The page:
Differences in the Experiential Well-being of Hispanics and Non-Hispanics Engaged in Elder Care

Charlene Marie Kalenkoski, Mónika López-Anuarbe, Thomas Korankye

Research output: Contribution to journalArticlepeer-review

Abstract

Little attention has been given to how Hispanics differ from non-Hispanics in the well-being they experience while engaging in elder care. This paper uses the 2012 and 2013 American Time Use Surveys (ATUS) and their corresponding Well-being Modules (WBM) to examine how elder care is associated with experiential well-being and how this differs for Hispanic and non-Hispanic caregivers. The sample is limited to regular caregivers for the elderly as defined in the ATUS. Ordered probit models are estimated for several measures of experiential well-being, separately for Hispanic and non-Hispanic subsamples. These measures include how meaningful an activity episode is for a respondent, and how happy, sad, tired, in pain, and stressed they felt during the activity. Standard controls, including health status of the respondent, are included as regressors. Results suggest that, while Hispanics reported a greater psychic benefit (happiness and meaning) when engaging in elder care compared to other daily activities, they also reported higher sadness levels when caring for household members. Although the direct cause of sadness cannot be identified, these conflicting results are consistent with the literature suggesting that, even though Hispanics value collectivistic culture traits, such as familism and have positive caregiving examples from family members, they also have weaker support networks and are reluctant to report burden.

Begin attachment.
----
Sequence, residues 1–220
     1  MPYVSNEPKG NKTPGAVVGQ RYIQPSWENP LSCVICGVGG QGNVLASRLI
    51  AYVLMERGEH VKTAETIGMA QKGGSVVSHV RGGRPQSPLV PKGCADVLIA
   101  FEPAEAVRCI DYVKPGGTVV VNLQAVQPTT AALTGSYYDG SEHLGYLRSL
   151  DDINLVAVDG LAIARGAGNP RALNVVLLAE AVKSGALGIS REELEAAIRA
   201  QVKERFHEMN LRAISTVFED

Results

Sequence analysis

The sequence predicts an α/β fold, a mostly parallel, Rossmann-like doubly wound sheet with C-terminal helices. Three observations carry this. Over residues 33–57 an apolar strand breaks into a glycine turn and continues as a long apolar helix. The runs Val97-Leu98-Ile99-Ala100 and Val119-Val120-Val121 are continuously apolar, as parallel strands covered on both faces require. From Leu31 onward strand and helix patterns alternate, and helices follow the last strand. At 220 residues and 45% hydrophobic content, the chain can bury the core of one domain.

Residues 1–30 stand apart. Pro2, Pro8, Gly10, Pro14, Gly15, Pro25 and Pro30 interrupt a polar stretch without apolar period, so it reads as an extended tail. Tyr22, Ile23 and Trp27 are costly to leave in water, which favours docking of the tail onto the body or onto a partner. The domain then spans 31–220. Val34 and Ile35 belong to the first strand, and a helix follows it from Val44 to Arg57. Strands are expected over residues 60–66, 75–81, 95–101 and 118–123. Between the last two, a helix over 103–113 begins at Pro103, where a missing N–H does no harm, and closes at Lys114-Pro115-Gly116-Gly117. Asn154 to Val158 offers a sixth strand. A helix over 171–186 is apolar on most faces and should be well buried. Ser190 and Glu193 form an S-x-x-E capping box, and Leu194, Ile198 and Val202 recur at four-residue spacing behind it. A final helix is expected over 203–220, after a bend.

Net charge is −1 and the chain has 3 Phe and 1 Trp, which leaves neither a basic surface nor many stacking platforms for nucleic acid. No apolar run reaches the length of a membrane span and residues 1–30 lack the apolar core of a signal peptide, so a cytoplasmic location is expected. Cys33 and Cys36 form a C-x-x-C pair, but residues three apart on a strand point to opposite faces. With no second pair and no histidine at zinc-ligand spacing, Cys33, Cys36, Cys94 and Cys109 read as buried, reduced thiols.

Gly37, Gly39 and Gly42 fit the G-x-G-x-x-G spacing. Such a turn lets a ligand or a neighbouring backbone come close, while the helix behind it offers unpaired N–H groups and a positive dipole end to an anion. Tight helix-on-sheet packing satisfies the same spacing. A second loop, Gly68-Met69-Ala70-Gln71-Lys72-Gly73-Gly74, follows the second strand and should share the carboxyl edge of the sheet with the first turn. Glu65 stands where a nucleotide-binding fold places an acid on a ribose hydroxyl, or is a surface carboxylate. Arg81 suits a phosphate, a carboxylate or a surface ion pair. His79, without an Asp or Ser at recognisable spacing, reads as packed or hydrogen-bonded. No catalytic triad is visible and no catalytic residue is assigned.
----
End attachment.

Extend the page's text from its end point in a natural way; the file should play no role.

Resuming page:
Original languageEnglish
JournalJournal of Family and Economic Issues
DOIs
StateAccepted/In press - 2021

Keywords

  • Culture traits
  • Elder care
  • Experiential well-being
  • Hispanics
  • Household members

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